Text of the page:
F. Scott Fitzgerald's book is told from the point of view of Nick Carraway, who describes his dealings with his neighbour Jay Gatsby, his cousin Daisy and her husband Tom with a detachment and subtlety. Beautiful moments filled with emotion bubbling just between the lines ("I've never seen such beautiful shirts!") are here handled with all the subtlety of a drunken bull riding a cannon. A glitter cannon.

Here, Nick annoying narrates the film, telling the audience exactly what's going on, and exactly how/why it's happening. Those aforementioned beautiful moments occur - featuring some great performances, just FYI - but are then ruined by narration then describing to the audience what just happened.

My biggest gripe with The Great Gatsby was the incessant heavy-handed nature in which EVERYTHING goes down. The audience is basically pistol-whipped with the point/meaning of every action that happens. At one point Gatsby tells Nick about a letter he wrote Daisy, and as he describes it, Daisy's image appears in the night sky like some sort of giant, human, simpering Jazz Age Mufasa. When things like that happen it doesn't matter how much of a beautiful spectacle a party is, because a bejewelled Fonz just jumped the gold-plated shark. I actually struggled to hold back laughter at a couple of points.

Good one, Baz. 

Which is SUCH A SHAME. Because the cast assembled here is really good, and Baz Lurhmann at times just doesn't trust them to just act. I mean, Leo's good in just about everything he does, and certainly he's a charming and charismatic Gatsby (his refrain of "old sport" doesn't even sound ridiculous) but I didn't find myself giving as much of a shit about him than I would have liked. Same goes for Carey Mulligan. Tobey Maguire fares even worse; he's required to look in turns tired, bewildered, and then slightly less bewildered. Joel Edgerton's the only one who really gets to do anything, and as such, really shines in his hulking, grunting Tom Buchanan. Elizabeth Debicki too, is a standout (although at times I found it distracting watching her, as we happened to go to high school fact) in her tall, aloof badassery.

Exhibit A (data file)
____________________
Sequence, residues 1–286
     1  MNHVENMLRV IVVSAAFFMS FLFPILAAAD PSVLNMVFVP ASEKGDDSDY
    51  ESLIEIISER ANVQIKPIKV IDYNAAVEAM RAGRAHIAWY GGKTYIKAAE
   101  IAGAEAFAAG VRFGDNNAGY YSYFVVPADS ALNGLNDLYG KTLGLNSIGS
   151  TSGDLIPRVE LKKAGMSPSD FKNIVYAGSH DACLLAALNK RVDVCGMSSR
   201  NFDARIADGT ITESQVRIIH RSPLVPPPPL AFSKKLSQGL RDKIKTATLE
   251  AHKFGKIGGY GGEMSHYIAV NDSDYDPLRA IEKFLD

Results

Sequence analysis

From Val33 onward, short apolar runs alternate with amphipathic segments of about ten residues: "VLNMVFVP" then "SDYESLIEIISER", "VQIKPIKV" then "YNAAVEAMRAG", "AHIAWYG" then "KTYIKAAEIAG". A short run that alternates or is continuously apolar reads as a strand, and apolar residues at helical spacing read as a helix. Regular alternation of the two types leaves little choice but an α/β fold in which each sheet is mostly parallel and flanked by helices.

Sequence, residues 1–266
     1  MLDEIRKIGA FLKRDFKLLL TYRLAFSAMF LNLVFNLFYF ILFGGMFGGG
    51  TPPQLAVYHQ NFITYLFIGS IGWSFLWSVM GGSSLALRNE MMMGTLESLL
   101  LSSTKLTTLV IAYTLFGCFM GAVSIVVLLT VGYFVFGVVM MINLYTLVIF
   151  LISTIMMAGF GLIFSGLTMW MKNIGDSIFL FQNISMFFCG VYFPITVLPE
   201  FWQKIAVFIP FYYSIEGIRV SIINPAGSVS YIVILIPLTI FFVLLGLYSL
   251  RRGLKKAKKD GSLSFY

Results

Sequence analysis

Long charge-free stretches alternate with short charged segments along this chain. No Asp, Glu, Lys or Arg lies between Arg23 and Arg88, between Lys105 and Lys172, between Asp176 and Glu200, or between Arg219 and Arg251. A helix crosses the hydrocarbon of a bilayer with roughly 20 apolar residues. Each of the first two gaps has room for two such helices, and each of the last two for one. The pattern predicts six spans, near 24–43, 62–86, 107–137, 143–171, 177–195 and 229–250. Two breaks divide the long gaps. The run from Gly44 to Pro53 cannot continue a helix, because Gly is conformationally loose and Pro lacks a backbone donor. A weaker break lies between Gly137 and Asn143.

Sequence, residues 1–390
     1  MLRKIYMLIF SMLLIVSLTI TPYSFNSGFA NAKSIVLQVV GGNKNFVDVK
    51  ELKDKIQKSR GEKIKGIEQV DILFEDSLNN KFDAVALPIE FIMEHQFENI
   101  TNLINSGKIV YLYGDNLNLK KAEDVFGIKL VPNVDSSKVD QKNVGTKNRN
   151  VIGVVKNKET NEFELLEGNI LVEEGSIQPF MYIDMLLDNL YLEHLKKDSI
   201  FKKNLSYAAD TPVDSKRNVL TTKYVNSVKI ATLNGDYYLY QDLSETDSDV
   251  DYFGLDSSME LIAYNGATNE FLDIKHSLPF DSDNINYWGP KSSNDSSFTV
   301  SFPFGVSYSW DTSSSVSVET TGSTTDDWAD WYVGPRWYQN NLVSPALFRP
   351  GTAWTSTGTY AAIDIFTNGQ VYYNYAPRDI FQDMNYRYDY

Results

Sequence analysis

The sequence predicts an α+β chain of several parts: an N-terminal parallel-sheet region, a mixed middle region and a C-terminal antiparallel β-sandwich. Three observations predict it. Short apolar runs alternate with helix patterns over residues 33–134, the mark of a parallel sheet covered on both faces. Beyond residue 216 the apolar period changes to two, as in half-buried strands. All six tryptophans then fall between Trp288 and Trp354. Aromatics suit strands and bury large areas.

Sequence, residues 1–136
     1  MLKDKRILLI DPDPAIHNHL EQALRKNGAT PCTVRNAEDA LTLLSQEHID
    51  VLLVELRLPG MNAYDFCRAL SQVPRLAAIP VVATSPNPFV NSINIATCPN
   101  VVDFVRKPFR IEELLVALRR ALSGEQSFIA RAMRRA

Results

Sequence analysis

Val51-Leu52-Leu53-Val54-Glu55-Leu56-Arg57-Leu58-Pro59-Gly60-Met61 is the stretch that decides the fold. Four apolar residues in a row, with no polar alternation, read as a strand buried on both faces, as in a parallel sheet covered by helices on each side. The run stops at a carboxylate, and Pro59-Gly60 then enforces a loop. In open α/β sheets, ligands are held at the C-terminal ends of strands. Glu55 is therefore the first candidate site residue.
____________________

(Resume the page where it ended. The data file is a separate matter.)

And to those who told me "Yeah, it's fine if the movie is all style over substance, it's supposed to be, because that's what the 1920s were like!", I reply with "NO". That's like saying a movie about racism/misogyny/something else is all good in the hood to be racist/misogynistic/something else in its own (the film's) depiction/view/POV/stance/all-seeing eye because that's "what it was like" during point in history it's depicting.

I probably could've articulated that better, but it's late and a bathroom mirror fell on my head yesterday (true story). What I'm trying to say is that I would've liked at least a little bit more character/substance/actual chances to give a crap about the characters during The Great Gatsby.

I feel like I'm doing a little too much griping. Honestly, I enjoyed The Great Gatsby. Even though my mind began wandering to the weekend ahead at about the two-hour mark, it was a rollicking and entertaining ride through the 1920s. And it was beautiful. Amazingly beautiful. The party sequence is worth price of admission. The performances were solid, albeit via an underused cast. Let's face it, the lead pair are good in just about everything they do, and the core cast does actually manage to elevate the film. This is definitely the event film of the year, and as an Event Film it lives up to the spectacle. However, I don't often get into films that are as heavy-handed, obvious, melodramatic and as prone to bitch-slapping audiences in the face with "the point" with a chain-mail gauntlet as this one.

Don't re-read the book before seeing The Great Gatsby like I did.

Monday, June 3, 2013